Without a threat the American people will not stand for it. So they engineer a threat, supply the threat with weapons with the aim of making the region restive, create a military power other than Nigeria and then forge strategic relationships with their puppet, inviting them to the region to help combat BOKO HARAM.

The groundwork for Chad’s newfound military might and security partnership with Washington and Paris was laid in northern Mali in 2013, when Nigeria, mired in its own home-grown battle with Boko Haram could not, for the first time lead a regional military intervention. The Nigerian government explained its position and offered to deploy troops and aircraft.

This leaves of course France and the newly created alternative to Nigeria’s military might in the region, CHAD. Chadian soldiers fought alongside French forces in some of the harshest terrain and deadliest battles as they sought to roll back jihadis who had dug in there. The Mali operations established the autocratic state Chad as the new regional policeman. Not that Nigeria, with its own internal strife cared anyway. But to stamp its place to the rest of the world as the new regional hegemon Nigeria, the already established regional powerhouse has to be usurped before the rest of the world.

So for 24 months Boko Haram was supplied with weapons and cash. The interception of 19 SA-2 Surface to air Missile to Boko Haram was just a stroke of luck. Washington and France has resolved to make Boko Haram the deadliest terrorist group in the world.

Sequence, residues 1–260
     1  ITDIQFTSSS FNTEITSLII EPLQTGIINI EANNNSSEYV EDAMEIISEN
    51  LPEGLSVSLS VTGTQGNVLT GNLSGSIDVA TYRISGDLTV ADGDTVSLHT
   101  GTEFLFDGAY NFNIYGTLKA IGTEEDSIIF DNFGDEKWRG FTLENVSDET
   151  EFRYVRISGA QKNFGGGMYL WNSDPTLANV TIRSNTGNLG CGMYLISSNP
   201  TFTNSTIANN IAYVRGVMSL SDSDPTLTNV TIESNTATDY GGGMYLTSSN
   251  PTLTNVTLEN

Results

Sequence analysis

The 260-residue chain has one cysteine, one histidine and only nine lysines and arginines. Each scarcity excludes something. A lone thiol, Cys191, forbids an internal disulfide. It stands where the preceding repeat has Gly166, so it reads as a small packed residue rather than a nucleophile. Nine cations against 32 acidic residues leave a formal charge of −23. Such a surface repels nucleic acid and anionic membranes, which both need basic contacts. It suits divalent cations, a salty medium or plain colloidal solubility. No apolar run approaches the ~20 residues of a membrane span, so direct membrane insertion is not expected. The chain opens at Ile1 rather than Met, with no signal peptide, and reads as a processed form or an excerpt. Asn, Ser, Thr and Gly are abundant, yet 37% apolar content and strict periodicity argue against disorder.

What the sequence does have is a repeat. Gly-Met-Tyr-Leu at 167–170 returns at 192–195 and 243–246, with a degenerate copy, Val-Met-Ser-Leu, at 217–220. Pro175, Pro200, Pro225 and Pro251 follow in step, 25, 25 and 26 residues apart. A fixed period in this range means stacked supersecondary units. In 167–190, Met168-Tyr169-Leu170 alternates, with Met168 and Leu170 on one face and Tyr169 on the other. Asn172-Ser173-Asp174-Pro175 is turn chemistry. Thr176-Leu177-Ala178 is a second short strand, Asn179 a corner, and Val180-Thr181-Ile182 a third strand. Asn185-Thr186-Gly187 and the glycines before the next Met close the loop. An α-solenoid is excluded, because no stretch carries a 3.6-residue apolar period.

When less than two years later Boko Haram began seizing huge swaths of territory in northeastern Nigeria, Washington and Paris conveniently looked to Chad as part of a regional response because it didn’t believe Nigeria could handle the threat on its own.

Chad and Niger, autocratic regimes which also has a budding security partnership with the United States, mounted an armed intervention in early 2015 that pushed Boko Haram out of numerous towns and broke up the group’s Islamic emirate. Later, Chad took on a leading role in the Multinational Joint Task Force, a larger military coalition that included troops from four other nations, hosting its new headquarters as well as a coordination cell partly staffed by Western experts advising the campaign against Boko Haram.